Cheshire West and Chester’s roads in state of ‘managed decline’

Cheshire West and Chester’s roads are in a state of ‘managed decline’ a councillor claims to have been told, a revelation he branded ‘mindblowing’.

Conservative councillor for Hartford and Greenbank Martin Loftus said he contacted the Labour-run authority about his hopes the network would improve following the appointment of a new contractor.

But he said he received a response which stated the network was in “managed decline,” and that spending would be focussed on “preventative maintenance” to try and “slow the decline,” but that it “unfortunately could not be stopped”.

Cllr Loftus said, “This Labour council has cut the highways capital budget by more than half with catastrophic results which are plain for all to see. The thought that the roads are set to deteriorate even further is mind-blowing.

“The only glimmer of hope is that the Government have announced that, as a consequence of the decision to scrap HS2, Cheshire West will receive an additional £168m over the next seven years to fund new roads, road improvements/repairs, EV points, etc.

“I hope that this additional money will be put to good use and not tempt the Labour group to make further cuts to the highways capital budget.”

A council spokesman said its strategy was to effectively manage an “increasingly ageing network” and that the focus would be on preventative maintenance to reduce the risk of further deterioration. He said this would be up to five times cheaper than resurfacing and would extend the life of the carriageway, meaning a greater area could be covered.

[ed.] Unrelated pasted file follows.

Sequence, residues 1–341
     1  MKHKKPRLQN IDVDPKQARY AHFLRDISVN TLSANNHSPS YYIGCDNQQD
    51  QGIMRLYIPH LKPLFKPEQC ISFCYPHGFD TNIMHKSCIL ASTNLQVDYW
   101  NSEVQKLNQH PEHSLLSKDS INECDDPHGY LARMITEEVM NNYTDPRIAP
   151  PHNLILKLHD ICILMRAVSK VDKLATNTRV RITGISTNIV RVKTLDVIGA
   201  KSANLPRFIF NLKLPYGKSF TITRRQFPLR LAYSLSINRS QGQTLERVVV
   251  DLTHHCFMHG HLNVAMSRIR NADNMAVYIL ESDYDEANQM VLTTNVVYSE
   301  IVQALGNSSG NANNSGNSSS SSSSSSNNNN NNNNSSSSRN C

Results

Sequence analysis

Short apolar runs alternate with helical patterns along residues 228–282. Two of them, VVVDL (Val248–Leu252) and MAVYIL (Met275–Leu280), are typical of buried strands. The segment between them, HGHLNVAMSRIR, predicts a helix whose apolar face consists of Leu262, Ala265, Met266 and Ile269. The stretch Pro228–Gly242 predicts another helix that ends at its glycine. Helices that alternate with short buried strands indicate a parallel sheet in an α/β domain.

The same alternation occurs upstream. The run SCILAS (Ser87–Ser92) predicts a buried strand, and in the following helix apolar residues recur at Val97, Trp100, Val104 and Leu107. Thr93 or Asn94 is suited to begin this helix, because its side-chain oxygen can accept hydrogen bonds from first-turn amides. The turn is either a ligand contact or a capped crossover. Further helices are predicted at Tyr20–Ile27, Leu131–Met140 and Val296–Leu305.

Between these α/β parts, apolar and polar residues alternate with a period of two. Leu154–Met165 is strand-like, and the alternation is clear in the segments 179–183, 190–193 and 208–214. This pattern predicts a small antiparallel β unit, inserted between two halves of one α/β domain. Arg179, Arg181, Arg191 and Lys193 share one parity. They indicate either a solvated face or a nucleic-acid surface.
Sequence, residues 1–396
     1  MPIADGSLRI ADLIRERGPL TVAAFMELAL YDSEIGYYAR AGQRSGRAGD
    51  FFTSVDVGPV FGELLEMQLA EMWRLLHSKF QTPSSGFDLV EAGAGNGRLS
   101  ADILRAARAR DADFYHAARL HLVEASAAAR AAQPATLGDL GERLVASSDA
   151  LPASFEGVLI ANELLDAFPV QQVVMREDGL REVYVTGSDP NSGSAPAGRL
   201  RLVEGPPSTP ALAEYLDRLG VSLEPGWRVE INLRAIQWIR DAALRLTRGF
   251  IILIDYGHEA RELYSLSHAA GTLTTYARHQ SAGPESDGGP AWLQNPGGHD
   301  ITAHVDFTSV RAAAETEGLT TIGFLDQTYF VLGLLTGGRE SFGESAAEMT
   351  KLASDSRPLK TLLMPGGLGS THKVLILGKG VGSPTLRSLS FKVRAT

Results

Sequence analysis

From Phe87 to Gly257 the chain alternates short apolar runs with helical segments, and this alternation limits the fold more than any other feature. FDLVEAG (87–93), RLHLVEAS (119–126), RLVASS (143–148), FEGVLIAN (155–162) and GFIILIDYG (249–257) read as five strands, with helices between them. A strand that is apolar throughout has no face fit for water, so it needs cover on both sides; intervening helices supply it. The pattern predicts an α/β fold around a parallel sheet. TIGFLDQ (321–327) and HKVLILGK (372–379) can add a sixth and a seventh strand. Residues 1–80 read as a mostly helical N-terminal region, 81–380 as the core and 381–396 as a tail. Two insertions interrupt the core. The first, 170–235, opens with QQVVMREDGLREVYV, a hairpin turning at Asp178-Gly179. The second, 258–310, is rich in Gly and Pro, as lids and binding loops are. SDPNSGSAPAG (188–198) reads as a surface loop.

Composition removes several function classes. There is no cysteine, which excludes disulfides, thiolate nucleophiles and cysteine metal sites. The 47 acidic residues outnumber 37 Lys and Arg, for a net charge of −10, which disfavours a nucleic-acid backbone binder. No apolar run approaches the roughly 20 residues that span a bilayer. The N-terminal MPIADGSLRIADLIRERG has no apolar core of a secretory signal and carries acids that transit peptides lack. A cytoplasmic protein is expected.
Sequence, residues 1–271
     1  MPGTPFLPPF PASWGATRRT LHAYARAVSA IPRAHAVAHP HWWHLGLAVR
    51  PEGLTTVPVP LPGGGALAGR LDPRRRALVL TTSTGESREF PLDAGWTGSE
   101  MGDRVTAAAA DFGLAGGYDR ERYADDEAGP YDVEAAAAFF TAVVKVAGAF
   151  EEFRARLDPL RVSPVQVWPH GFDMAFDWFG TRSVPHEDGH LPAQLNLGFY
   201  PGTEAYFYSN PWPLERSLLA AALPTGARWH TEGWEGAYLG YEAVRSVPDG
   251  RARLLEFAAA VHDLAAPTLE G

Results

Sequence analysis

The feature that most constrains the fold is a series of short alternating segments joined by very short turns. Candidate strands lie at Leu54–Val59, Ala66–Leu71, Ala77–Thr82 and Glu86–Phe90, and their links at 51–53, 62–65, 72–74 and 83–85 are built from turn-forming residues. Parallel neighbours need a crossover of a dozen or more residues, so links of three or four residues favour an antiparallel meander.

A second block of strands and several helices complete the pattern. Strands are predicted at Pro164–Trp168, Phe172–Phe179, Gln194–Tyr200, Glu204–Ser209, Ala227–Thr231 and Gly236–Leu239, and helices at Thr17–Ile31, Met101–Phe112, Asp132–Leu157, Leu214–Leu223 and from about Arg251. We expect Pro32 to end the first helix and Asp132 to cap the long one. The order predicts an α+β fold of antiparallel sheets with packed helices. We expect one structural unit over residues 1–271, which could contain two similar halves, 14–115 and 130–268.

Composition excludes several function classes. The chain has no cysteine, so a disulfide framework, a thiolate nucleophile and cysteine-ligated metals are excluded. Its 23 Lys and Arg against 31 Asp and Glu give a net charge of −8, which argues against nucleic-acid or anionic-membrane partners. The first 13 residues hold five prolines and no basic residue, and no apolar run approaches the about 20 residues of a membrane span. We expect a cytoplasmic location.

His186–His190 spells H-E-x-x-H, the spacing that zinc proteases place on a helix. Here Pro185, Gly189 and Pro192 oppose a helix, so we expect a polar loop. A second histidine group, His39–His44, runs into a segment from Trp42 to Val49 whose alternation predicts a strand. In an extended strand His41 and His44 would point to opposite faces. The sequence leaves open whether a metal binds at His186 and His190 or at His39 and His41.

He added, “The council is constantly monitoring 2,280km of carriageways and 2,648km of footways.

“There is a fully developed work bank for all structures that uses a green, amber, and red system to prioritise maintenance works. This feeds into a 50-year life-cycle plan to produce a detailed overview of the future maintenance requirements.”

He said that over the past year the council has spent £2m on repairing more than 11,000 potholes across the borough, and that £8.5m has been spent on wider carriageway and footway maintenance – which includes £3m of the council’s own money.

He added, “The council has received a commitment of £168,399,000 additional funding from the Department for Transport. The funding over seven years, starting in April 2025 is part of the £4.7b Local Transport Fund funding across the North and Midlands.

“Details of how this funding will be allocated hasn’t been shared, but it is expected that any transformational funding will not be available until towards the end of those seven years.”

Image: Cllr Loftus has hit out at the state of the borough’s roads

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